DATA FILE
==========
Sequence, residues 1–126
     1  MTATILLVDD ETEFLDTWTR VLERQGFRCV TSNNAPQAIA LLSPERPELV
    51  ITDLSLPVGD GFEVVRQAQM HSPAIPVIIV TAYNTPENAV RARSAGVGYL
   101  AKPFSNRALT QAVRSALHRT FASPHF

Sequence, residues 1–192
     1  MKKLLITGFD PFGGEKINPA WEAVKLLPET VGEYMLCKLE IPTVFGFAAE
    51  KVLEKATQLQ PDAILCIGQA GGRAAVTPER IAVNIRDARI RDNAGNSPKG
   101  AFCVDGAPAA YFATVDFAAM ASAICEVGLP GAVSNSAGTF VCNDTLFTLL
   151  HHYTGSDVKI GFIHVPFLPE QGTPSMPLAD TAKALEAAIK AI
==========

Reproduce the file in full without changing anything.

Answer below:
Sequence, residues 1–126
     1  MTATILLVDD ETEFLDTWTR VLERQGFRCV TSNNAPQAIA LLSPERPELV
    51  ITDLSLPVGD GFEVVRQAQM HSPAIPVIIV TAYNTPENAV RARSAGVGYL
   101  AKPFSNRALT QAVRSALHRT FASPHF

Sequence, residues 1–192
     1  MKKLLITGFD PFGGEKINPA WEAVKLLPET VGEYMLCKLE IPTVFGFAAE
    51  KVLEKATQLQ PDAILCIGQA GGRAAVTPER IAVNIRDARI RDNAGNSPKG
   101  AFCVDGAPAA YFATVDFAAM ASAICEVGLP GAVSNSAGTF VCNDTLFTLL
   151  HHYTGSDVKI GFIHVPFLPE QGTPSMPLAD TAKALEAAIK AI